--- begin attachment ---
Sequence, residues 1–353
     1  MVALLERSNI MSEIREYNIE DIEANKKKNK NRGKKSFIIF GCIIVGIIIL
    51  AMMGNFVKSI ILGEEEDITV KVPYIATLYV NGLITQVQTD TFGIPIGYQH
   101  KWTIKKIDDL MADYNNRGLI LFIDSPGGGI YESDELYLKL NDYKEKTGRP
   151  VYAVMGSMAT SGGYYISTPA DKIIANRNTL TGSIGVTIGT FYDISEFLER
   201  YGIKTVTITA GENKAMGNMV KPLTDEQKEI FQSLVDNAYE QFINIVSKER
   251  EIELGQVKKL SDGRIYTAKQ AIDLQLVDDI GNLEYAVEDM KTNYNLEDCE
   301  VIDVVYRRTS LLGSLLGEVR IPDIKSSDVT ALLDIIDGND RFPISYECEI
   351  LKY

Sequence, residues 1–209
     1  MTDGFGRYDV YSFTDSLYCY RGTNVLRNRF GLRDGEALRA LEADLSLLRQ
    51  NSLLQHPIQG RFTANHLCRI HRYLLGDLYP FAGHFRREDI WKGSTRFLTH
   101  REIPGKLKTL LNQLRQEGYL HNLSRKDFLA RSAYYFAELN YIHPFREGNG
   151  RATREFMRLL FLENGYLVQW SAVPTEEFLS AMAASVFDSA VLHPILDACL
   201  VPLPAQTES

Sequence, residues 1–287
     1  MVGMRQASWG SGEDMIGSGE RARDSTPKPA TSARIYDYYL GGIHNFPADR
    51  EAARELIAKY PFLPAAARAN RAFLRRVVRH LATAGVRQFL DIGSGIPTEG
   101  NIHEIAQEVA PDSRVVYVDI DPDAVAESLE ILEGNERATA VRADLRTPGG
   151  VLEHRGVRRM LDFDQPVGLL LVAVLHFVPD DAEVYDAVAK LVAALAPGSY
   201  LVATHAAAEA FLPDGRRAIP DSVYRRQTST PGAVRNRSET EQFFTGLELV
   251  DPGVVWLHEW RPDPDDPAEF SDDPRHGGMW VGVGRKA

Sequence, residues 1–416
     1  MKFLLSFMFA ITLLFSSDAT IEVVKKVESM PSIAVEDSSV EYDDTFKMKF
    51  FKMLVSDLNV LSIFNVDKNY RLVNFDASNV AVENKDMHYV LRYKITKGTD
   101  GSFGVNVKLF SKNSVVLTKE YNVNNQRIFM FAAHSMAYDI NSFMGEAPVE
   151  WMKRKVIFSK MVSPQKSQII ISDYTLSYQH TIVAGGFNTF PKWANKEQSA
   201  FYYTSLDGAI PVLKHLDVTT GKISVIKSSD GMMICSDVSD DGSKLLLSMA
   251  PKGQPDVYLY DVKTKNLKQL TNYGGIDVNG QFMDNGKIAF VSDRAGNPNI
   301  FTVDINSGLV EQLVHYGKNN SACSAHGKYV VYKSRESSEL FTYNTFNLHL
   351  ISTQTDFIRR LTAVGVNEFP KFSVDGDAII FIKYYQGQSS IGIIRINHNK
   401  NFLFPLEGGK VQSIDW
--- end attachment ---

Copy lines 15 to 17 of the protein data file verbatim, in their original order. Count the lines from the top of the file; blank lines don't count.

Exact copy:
   201  VPLPAQTES

Sequence, residues 1–287
     1  MVGMRQASWG SGEDMIGSGE RARDSTPKPA TSARIYDYYL GGIHNFPADR